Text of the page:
Explore Legislation Related to Employment Rights and Access for People with Disabilities

May 13, 2015

Want to learn about disability rights and access to employment in Canada, but don’t know where to begin? Here’s a summary of related legislation and regulations in Canada.

Because the Learn section of TalkRights features content produced by CCLA volunteers and interviews with experts in their own words, opinions expressed here do not necessarily represent the CCLA’s own policies or positions. For official publications, key reports, position papers, legal documentation, and up-to-date news about the CCLA’s work check out the In Focus section of our website.

Overview

Providing accessible employment for people with disabilities is a priority for the federal and provincial governments, and has been for many years.

Although it there is still progress to be made to break down all of the barriers in place, the following document provides an overview of legislation that has been enacted to enforce and encourage a more accessible work force. Since there is no Canadian legislation dealing with disability issues across Canada, as with the United States’ Americans with Disabilities Act, the provinces are left to enact their own legislation. Together with links to each piece of legislation, this page provides a few relevant points about each of the statutes, regulations and policies.

Federal

Legislation: Charter of Rights and Freedoms (Constitution Act, 1982)

Summary: Section 15 holds that everyone is equal before and under law and is entitled to equal protection and benefit of law without discrimination.

Legislation: Canadian Human Rights Act, RSC 1985, c H-6

Summary: This statute prohibits discrimination in many areas, including employment, on the grounds of 11 factors, including disability (Accompanying Regulation).

Legislation: Employment Equity Act, SC 1995, c 44 (EEA) (Accompanying Regulations: SOR/96-470)

Summary: The EEA helps ensure that all Canadians have the same access to the labour market and specifically targets four groups (women, Aboriginal people, people with disabilities and visible minorities) to ensure that employers take action to represent these groups within their organizations.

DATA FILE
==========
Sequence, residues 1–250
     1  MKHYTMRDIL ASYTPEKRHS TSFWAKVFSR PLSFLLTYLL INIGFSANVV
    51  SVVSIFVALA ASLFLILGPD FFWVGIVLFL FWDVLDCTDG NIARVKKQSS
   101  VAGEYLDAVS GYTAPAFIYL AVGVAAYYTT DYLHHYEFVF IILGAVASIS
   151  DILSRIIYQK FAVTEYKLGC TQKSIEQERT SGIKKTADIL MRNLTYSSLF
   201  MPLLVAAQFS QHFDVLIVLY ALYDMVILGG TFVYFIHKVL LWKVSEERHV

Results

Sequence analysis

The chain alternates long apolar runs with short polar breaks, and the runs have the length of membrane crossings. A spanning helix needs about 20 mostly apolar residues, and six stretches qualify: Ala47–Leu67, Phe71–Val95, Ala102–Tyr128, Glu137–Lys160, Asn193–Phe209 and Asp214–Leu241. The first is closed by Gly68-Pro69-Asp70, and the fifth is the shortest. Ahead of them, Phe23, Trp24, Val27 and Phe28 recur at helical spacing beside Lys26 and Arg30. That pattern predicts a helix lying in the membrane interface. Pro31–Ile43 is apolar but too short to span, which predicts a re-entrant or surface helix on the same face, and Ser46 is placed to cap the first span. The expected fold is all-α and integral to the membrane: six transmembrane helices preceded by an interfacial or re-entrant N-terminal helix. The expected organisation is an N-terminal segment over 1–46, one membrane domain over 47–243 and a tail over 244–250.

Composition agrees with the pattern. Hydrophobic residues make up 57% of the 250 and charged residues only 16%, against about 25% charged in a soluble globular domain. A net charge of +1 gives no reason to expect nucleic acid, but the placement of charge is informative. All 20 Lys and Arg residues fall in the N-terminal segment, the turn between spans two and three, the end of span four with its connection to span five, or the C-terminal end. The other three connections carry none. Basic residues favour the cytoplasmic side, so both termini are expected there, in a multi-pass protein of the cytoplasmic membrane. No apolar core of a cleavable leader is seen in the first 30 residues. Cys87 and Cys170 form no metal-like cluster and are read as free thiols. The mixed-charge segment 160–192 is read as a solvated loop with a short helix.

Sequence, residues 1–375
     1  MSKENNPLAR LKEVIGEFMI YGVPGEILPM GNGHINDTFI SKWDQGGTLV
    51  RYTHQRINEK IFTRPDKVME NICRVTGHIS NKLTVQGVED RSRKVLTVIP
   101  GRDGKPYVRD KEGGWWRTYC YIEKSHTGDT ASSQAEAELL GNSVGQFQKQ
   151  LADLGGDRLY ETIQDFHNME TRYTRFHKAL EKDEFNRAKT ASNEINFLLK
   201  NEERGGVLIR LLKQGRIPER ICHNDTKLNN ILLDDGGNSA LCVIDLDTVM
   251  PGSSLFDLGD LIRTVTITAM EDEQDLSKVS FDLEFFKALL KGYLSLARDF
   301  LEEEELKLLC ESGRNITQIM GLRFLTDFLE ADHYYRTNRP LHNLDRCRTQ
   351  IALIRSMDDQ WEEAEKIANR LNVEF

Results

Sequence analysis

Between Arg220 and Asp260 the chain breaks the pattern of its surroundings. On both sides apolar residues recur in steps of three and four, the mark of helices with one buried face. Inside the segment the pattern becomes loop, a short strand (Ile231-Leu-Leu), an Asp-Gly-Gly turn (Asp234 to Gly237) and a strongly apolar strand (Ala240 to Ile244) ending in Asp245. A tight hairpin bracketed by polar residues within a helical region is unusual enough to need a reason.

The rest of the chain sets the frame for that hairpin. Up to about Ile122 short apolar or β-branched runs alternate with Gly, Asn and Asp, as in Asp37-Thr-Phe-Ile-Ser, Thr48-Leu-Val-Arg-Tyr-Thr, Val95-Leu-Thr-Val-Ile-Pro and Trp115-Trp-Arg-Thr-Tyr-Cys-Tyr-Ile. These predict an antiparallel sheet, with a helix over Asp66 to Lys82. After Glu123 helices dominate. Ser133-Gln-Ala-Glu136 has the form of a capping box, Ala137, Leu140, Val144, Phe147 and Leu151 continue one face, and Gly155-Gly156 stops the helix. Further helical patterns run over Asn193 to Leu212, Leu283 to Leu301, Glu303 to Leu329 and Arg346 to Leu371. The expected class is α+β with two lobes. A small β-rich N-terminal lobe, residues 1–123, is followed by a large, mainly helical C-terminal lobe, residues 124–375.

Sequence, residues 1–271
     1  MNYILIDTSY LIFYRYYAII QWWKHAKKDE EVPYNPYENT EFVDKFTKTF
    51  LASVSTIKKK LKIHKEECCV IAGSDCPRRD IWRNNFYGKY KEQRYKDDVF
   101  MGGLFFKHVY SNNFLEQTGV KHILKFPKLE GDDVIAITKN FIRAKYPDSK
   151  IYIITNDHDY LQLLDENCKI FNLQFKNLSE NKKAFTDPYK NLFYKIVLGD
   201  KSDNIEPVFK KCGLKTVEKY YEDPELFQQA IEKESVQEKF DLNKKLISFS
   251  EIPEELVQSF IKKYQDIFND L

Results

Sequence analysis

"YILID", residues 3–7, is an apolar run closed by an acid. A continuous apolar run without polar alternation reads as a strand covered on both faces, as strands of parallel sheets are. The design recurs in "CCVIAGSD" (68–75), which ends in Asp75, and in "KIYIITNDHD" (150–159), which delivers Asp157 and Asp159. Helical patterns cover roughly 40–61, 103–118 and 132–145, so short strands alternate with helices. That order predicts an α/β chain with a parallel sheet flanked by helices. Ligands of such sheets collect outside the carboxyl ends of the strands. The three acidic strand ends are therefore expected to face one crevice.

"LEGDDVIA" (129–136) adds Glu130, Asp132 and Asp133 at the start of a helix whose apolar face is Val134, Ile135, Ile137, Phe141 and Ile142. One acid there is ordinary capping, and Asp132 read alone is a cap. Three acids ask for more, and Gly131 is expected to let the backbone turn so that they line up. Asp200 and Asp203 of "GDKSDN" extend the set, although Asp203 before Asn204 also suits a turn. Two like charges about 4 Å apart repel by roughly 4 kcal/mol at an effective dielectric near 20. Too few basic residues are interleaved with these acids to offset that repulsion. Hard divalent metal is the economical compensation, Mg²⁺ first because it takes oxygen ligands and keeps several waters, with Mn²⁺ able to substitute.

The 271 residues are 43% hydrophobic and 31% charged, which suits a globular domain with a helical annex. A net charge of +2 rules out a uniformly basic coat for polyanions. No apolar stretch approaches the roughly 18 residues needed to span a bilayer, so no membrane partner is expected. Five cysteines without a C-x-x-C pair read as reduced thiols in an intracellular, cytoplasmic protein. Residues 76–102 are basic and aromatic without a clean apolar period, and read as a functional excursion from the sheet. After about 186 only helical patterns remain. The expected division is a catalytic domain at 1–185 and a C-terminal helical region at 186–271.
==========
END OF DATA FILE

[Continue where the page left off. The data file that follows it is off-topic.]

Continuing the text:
The EEA, at section 3, defines persons with disabilities as follows:

persons who have a long-term or recurring physical, mental, sensory, psychiatric or learning impairment and who

(a) consider themselves to be disadvantaged in employment by reason of that impairment, or
(b) believe that a employer or potential employer is likely to consider them to be disadvantaged in employment by reason of that impairment,

and includes persons whose functional limitations owing to their impairment have been accommodated in their current job or workplace.

All organizations or businesses regulated by the federal government are legally required to adhere to the above acts. These two laws define obligations regarding:

1. Equality

2. Duty to Accommodate

3. Equal Employment Opportunities

The types of regulated organizations includes federally regulated industries, Crown corporations and other federal organizations with 100 employees or more, as well as portions of the federal public administration identified in Schedules I or IV and V of the Financial Administration Act and by order of the Governor in Council, which includes the Canadian Forces and the RCMP. The Legislated Employment Equity Program ensures that these organizations report annually on the representation of the four designated groups in their workplaces and on the steps they have taken to achieve full representation. Also included are federal contractor organizations that are provincially regulated suppliers of goods  and services, that have at least 100 employees in Canada and that receive contracts of $200,000 or more from the federal government.

Policy: Treasury Board of Canada Secretariat’s Policy on the Duty to Accommodate Persons with Disabilities in the Federal Public Service

Summary: This policy has been in effect since June 3, 2002. According to the Secretariat, “This policy outlines the principal steps necessary to attain the goal of a representative Public Service that includes persons with disabilities.

Newfoundland & Labrador

Legislation: Human Rights Act, 2010, SNL 2010, c H-13.1

Summary: A human rights violation under the Act occurs when an individual is discriminated against because of one of 16 prohibited grounds of discrimination, including disability. Among other actions, the Act prohibits discrimination in the area of employment.